6th January 2020
7th January 2020
Pupils return to school
30th January 2020
Year 9 Options Evening
Digon teg? / Fair enough? : Marking Fairtrade Fortnight 2016
Schools in the Burry Port and Llanelli areas have been participating in a special project funded by Hub Cymru Africa and supported by Carmarthenshire County Council. The focus of Digon teg? is to encourage pupils to think about some of the products we take for granted such as coffee and chocolate, highlight the difficulties faced by many farmers, and understand that the choices they make as consumers can have an impact.
On Wednesday 9th March, 100 pupils from Bryngwyn, Strade, Bryn Teg, Pwll, Ysgol y Castell, Pembrey, Parc-y-Tywyn, Ffwrnes, Swiss Valley, Dafen, and Old Road schools came together to attend a Fairtrade Fun event at Ysgol Glan-y-Môr. The day got off to an excellent start with a presentation by Ugandan coffee farmer, Nimrod Wambette, who explained how this important crop is grown and harvested. Pupils were surprised to learn that it can take over three years for a newly –planted coffee tree to produce the “cherries” that eventually ripen to become coffee beans. They also learnt about the living conditions of coffee farmers and their families, and how the children had to walk many miles to collect water and to go to school, often surviving on just one meal a day. “ I felt emotional when Nimrod told us of how hard life can be there” remarked Megan, Burry Port Primary School. However with the support of Fairtrade, the farmers are ensured at least of a minimum price for the coffee they have worked so hard to produce as well as additional funding through the Fair trade premium, enabling the community to invest in projects of their choice such as a local water supply.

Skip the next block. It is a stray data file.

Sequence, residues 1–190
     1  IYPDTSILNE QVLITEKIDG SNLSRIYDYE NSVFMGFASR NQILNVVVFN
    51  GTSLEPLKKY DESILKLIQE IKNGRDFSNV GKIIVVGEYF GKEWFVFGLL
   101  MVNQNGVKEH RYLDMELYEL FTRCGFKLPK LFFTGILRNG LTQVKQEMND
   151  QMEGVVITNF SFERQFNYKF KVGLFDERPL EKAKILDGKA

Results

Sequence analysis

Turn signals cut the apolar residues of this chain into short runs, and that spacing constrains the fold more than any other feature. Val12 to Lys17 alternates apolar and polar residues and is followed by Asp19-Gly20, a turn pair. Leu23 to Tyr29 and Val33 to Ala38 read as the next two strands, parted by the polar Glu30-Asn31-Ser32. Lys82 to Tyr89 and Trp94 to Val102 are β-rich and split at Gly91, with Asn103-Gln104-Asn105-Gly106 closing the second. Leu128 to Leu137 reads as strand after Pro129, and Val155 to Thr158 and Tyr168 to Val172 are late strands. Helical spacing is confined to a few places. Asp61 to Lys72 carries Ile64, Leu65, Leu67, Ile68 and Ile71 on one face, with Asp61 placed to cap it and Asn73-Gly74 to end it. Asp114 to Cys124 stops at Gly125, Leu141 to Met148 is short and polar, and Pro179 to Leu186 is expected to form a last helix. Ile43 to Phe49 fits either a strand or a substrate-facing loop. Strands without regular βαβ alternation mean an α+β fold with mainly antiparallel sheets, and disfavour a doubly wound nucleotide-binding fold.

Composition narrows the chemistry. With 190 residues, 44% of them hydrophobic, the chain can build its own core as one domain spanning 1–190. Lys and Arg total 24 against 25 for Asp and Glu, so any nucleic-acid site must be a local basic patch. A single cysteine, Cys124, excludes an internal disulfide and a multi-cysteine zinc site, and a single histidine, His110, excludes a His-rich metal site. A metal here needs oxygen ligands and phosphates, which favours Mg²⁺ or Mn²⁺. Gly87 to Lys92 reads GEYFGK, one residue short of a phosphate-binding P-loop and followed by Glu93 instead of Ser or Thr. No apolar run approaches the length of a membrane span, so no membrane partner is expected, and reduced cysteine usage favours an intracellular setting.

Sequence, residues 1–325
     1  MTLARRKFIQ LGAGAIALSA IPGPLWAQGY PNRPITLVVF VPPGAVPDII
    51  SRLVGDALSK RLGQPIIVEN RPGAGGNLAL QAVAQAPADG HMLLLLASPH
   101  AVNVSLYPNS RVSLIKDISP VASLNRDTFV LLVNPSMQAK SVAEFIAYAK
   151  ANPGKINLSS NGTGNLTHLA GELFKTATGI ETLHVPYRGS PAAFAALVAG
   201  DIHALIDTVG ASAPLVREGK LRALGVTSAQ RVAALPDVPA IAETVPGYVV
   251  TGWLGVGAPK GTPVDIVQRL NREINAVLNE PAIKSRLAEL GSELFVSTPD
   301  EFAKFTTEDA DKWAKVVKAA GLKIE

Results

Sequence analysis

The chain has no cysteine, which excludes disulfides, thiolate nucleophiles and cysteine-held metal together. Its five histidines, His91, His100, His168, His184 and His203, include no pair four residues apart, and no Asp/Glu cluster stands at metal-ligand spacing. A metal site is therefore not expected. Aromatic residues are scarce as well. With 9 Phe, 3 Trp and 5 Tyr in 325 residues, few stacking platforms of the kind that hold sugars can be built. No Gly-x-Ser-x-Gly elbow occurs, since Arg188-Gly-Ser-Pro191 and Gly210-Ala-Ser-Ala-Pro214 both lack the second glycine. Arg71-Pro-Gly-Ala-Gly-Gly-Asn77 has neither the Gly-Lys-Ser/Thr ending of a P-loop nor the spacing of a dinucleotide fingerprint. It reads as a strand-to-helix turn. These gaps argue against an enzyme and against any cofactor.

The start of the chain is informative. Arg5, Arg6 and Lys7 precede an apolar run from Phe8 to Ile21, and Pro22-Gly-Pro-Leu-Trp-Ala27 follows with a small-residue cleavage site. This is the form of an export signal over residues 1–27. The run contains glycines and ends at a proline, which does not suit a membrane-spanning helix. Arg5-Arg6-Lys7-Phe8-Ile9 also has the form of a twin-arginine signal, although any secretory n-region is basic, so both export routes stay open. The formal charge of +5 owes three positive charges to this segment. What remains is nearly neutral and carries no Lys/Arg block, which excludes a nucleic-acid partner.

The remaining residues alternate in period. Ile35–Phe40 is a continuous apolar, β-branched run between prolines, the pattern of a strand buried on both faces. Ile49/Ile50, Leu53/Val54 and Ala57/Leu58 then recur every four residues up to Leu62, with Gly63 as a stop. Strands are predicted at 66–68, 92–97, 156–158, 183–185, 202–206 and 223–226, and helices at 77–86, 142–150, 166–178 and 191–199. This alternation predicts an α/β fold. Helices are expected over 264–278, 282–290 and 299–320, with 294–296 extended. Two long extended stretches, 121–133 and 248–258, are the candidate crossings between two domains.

Pupils also got to handle a cocoa pod to learn about cocoa production in Ghana and understand the long journey and process it goes becomes a chocolate bar that can be bought in Wales. They were amazed to find out that many children in Ghana might never have eaten chocolate as it would be too expensive for them to buy. They thoroughly enjoyed learning about Ghanaian culture through drumming and printing Adinkra symbols.
Other workshops on the day included testing bananas for their nutritional qualities in the Science Lab, comparing costs and understanding food miles with the Maths Department, and taking on the role of family members having to earn their living by making bags in the Paper bag Challenge.
At the end of a thought –provoking and enjoyable day, many children said they would now be thinking a lot more about where their food and drink comes from and now understood how choosing to buy Fairtrade or locally-produced items could really make a difference.
Many thanks to Ms Perrault, Mr Hearne, and Mr Bates in Glan-y-Môr, Ms Stephens from Bryngwyn , Emmanuel Okuni and Lyndsy Davies-Annang, Nimrod Wambette, Elen Jones, Fair Trade Wales, and Cat Jones of Hub Cymru Africa for their part in making the day such a success.
A short film entitled “Fair enough” about the event was made by Malcolm Boorer and is available on Youtube https://www.youtube.com/watch?v=sLY1Ulhc2LE&feature=youtu.be